collect processed to USGS QL2 specs

for the same area. If you are having

second thoughts that the point clouds

are of the same area you are not the

blame. The traffic circle seen in the UAS

point cloud was constructed after the

LiDAR was acquired.

This gets to one of the chief advantages

of UAS, the ability to gather high-resolution

topographic data when you need

it, at a low cost. The UAS point cloud

obviously has a higher point density,

averaging nearly 50 points per square

meter, compared to the nearly 3 points

per square meter of the LiDAR data.

Point density is, of course, not a definitive

measure of quality. Despite that ground

control points (GCPs) were not used, the

UAS data were within half a meter of the

LiDAR data on the horizontal plane, but

the absolute vertical difference exceeded

50 meters.

GCPs narrowed the differences to

tens of centimeters, both horizontally

and vertically. GCPs do add another

layer of complexity to the UAS data

collection, and in disaster response,

laying out GCPs might not be feasible

due to time or safety constraints. For

a number of use cases relative vertical

measurements are what is needed.

With this in mind we measured a

number of buildings that remained

consistent in the two datasets (Figures

5a and 5b). Differences in the height

measurements were always less than

30 centimeters, indicating that rapid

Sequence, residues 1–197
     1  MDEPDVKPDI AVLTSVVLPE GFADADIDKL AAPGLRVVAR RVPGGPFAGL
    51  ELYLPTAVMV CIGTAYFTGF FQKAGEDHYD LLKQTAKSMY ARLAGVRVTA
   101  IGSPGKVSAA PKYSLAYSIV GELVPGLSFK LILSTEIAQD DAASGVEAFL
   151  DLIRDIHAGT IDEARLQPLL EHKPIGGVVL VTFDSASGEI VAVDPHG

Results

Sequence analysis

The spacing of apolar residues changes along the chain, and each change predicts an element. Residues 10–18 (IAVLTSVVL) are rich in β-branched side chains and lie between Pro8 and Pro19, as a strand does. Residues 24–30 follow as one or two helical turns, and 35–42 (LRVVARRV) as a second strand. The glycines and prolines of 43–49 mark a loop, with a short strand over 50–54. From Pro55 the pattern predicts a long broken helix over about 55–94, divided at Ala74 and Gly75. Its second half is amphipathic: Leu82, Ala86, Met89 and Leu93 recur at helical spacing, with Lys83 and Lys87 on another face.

accurate relative vertical measurements

are possible using photogrammetric

UAS workflows.

The title of this article was slightly

provocative, and one could be tempted

to slide into the LiDAR vs photogrammetry

debate. Photogrammetric point

clouds are certainly not LiDAR point

clouds, but when factors such as cost,

safety, timeliness, and acquisition

area are considered, they might offer

a superior solution. I believe that

Displayed with permission • LiDAR Magazine • Vol. 5 No. 5 • Copyright 2015 Spatial Media • www.lidarmag.com

Figure 4a: UAS photogrammetric point cloud (same location as 4b).

Figure 4b: LiDAR point cloud (same location as 4a).

photogrammetric UAS will offer

attractive solutions to many mapping

and survey projects for years to come.

Recent advances in photogrammetric

UAS, such as the eBee RTK, which

yields data with horizontal and vertical

accuracies of less than 5 centimeters,

will blur the lines between LiDAR and

photogrammetic point clouds.

DISCLAIMER: The views, opinions,

findings and conclusions reflected in this

presentation are the responsibility of the

authors only and do not represent the

official policy or position of the USDOT/

OST-R, or any State or other entity.

Jarlath O’Neil-Dunne is the Director of

the University of Vermont Spatial Analysis

Laboratory. He specializes in solutions

that provide actionable information from

high-resolution remotely sensed data.

Figure 5a: Building height measurement made from a UAS

photogrammetric point cloud (same building as 5b). Building

height = 8.02 meters.

Figure 5b: Building height measurement made from a LiDAR

point cloud (same building as 5a). Building height = 8.01 meters.

Displayed with permission • LiDAR Magazine • Vol. 5 No. 5 • Copyright 2015 Spatial Media • www.lidarmag.com